Which skills does the Thinking Skills Assessment assess?
- Problem-solving skills:
- Numerical reasoning.
- Spatial reasoning.
- Critical thinking skills:
- Understanding arguments.
- Reasoning with everyday language.
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Other critical thinking test practice resources
- Firstly, here’s School Entrance Tests’ popular Passed Papers’ Watson Glaser video guide.
- Secondly, Watson Glaser test practice, video explaining the Watson Glaser test on YouTube and Watson Glaser test tips.
- Thirdly, You Tube video explaining the TSA .
- And then next our Watson Glaser test practice and Watson Glaser test tips.
- Finally there’s our highly recommended LNAT test practice and Law University Admissions LNAT.
Free Thinking Skills Assessment Past Papers
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So, what are critical thinking Skills?
Critical reasoning is quite literally applying a critic’s eye (i.e. critical analysis) to verbal information. It encompasses the logical analysis of the following features of complex written arguments and viewpoints: assumptions; inferences; opinions; facts and interpretations. The term “critical reasoning” might sound a bit intimidating, but it is a skill you can learn. With the right practice, most individuals can develop their skills sufficiently to pass this type of verbal reasoning critical reasoning test.
What’s the difference between inference and deduction ?
This last question almost defines logical deduction or deductive reasoning; the critical reasoning from linking one or more general statements, or premises, to make a logically certain conclusion. It’s important to clarify at this point the difference between deductive reasoning and inductive reasoning (inference).
- Inductive reasoning (inference); Induction is based on what is probable or what is likely to be true from true premises.
- Deductive reasoning; deduction is based on what must logically follow from true premises. Deductive reasoning links premises with conclusions.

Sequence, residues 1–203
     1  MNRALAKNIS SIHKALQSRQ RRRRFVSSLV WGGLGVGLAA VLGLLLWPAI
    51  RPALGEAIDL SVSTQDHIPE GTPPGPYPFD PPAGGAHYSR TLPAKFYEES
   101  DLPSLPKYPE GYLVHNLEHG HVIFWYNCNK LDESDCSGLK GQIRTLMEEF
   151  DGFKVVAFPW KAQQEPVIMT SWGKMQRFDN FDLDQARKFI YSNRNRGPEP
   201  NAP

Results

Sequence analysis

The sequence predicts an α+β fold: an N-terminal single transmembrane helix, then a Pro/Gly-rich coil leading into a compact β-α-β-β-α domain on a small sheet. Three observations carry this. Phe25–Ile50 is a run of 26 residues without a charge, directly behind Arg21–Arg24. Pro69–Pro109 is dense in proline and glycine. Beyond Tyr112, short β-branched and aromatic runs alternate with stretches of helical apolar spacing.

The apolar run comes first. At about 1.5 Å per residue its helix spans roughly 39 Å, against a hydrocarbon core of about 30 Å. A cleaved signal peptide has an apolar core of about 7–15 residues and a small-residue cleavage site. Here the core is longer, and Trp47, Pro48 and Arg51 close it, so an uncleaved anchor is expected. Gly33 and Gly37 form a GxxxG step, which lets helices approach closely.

Critical reasoning involves the use of inductive and/or deductive reasoning in arguments. If the form of a deductive argument is valid and the premises are true, it is logically impossible for the conclusion to be false.
Which critical reasoning skills are needed?
Similarly, the jury also has to use their critical thinking skills to balance all the evidence for and against the accused! In summary, a good criminal lawyer has to: – Be objective and not to be prejudiced by their own opinions or any knowledge outside of their current case. – Critically analyse a large amount of information to reach valid conclusions that build a case for their client. – Identify whether legal doctrine can be interpreted differently. A judge (or jury) will in turn use their critical reasoning skills to balance all the evidence for and against the accused and reach a verdict.
But how does the layperson use critical reasoning skills?
- Just as a lawyer will review all the documented verbal information, so a newspaper reader will need to analyse such a Comments article, asking themselves: – What are the differences in the points being made?
- – Which points are assumptions, facts or opinions?
- – Is each point a valid one?
- – What is presented as fact and what is presented as (the author’s) opinion?
- – Which conclusions can be drawn from the facts?
- – Does the overall conclusion follow on from the evidence and facts presented?
- Journalists also need to have a high level of critical reasoning skills. When commenting on a current affairs debate, a journalist will typically present all sides of the argument.
- After careful thought, and backed up by evidence, they then commit their own analysis to the page.
Example critical reasoning tests
Firstly, CAPP’s Critical Reasoning Test assesses your problem solving and decision making.
Secondly, the critical reasoning test GMAT. Your first step is to read the question before reading the. Know which type of question you are going to have to answer, and read the argument with that question in mind. The eight broad categories of GMAT CR questions are
- Weaken the argument. Or find the flaw.
- Strengthen the argument.
- Draw inference, or conclusion.
- Structure of the argument, including boldface structure questions and dialogue structure questions.
- Paradox questions.
- Evaluate the conclusion